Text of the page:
Whether you've grown them yourself, bought a bag at the store or mix dehydrated taters from a box, virtually every cook puts a unique spin on classic mashed potatoes. Like many culinary tricks, however, the idea of soaking potatoes in water before including them in your favorite mashed recipe remains divisive. Some swear by the soaking method, while others claim there are better ways to prep the spuds. Experimenting with your own recipe is the most reliable way to formulate an opinion on the subject, but before you start tinkering, it helps to be informed.
In Support of Soaking Cut Potatoes
Potatoes naturally contain a starch known as amylose. If you whip up your mashed potatoes without removing some of this starch, you end up with a pasty, gummy dish. Soaking potatoes overnight in a pot of water removes some amylose, but for the trick to work, you must cut the spuds into roughly 1-inch pieces, which exposes an optimum amount of surface area. For safety, always soak the potatoes in the refrigerator and limit the soaking time to overnight, at maximum — although just a few hours does the trick.
A Quicker Method
Soaking potatoes in water is only one way to rid the spuds of a little sticky amylose. For an arguably quicker method, wash sliced potatoes after parboiling or steaming them, but before you mash them, by running them under cool water for a few seconds. This washing doesn't replace thoroughly scrubbing the potato skins, as it — like soaking overnight — targets the starchy insides of the spuds.
For extra insurance, following both methods doesn't hurt. Try soaking the potatoes overnight, then rinsing, slicing and parboiling the tots. Pour into a colander and rinse them under cool running water for a few seconds before returning them to the pot with fresh water or milk and cooking them completely.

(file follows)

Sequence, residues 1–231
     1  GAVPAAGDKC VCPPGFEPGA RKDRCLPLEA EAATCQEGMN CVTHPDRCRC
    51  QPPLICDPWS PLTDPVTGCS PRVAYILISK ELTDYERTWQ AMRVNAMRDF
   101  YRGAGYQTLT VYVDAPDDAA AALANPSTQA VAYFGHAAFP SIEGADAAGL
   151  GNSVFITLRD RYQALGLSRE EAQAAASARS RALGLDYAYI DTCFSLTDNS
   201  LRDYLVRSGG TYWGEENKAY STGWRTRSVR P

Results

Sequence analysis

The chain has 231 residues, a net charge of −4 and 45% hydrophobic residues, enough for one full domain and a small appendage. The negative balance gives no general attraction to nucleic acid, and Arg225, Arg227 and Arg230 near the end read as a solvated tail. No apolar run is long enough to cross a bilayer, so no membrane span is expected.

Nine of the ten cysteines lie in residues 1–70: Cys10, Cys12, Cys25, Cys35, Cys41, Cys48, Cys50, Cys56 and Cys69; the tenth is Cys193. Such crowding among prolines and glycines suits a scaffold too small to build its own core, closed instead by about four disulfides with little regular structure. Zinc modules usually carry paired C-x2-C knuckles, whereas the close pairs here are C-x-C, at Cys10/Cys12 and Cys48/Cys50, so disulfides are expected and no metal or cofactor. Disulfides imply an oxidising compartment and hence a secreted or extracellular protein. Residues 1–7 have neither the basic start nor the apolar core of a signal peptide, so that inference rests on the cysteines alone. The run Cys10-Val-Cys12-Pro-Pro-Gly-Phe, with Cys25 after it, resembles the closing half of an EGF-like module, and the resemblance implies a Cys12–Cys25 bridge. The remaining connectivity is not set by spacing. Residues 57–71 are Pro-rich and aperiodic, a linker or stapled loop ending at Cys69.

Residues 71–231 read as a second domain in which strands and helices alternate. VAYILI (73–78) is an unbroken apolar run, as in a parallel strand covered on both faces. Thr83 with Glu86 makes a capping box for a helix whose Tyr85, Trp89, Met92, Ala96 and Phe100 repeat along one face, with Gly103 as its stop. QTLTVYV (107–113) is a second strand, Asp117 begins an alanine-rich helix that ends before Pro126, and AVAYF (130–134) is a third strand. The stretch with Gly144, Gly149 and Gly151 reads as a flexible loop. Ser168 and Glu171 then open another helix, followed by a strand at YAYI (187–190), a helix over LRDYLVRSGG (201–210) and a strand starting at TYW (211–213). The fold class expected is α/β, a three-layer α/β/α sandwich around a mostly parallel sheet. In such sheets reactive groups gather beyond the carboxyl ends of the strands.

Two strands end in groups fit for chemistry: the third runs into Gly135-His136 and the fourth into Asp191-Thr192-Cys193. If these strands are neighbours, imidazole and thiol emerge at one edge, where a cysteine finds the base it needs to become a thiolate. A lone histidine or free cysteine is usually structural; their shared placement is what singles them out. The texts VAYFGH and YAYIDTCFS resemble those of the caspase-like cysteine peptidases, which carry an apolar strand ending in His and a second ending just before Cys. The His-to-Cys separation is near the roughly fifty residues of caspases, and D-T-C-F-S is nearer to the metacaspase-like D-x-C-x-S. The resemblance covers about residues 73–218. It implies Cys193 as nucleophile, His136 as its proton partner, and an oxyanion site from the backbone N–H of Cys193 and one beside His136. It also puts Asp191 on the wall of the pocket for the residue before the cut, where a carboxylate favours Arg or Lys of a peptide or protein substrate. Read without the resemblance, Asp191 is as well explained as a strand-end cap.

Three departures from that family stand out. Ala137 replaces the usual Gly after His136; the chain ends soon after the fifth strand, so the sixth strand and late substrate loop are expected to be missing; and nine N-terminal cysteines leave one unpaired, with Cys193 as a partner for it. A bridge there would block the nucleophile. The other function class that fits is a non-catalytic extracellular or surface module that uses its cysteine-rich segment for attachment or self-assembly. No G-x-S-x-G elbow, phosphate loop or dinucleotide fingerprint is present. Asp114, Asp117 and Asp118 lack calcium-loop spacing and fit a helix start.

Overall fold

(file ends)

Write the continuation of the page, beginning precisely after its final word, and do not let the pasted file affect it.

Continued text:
A Taste for Nutrition
Apart from the effects soaking and rinsing have on the texture of mashed potatoes, these methods can affect nutritional content. Soaking cut potatoes can sap their nutrients. To retain these nutrients and up the flavor of your mash, parboil the potatoes in stock rather than soaking them. For a more subtly sweet flavor, parboil the potatoes in milk. Regardless of your prep methods, leave the skin on while boiling or parboiling to retain as many nutrients as possible. If you go with one of these methods, remember to rinse the sliced potatoes under cool water to remove excess starch.
More Tater Tricks
For even smoother, creamier potatoes, simmer the slices in a mixture of milk and cream after parboiling and rinsing them. Different diners prefer various textures and consistencies, so experiment with a combination of smoothing methods -- including soaking, rinsing and simmering -- until you find the tater tricks that work for you. Do not soak potatoes before frying them; the starch you want to remove for mashed potatoes actually helps fried dishes reach their maximum crispiness.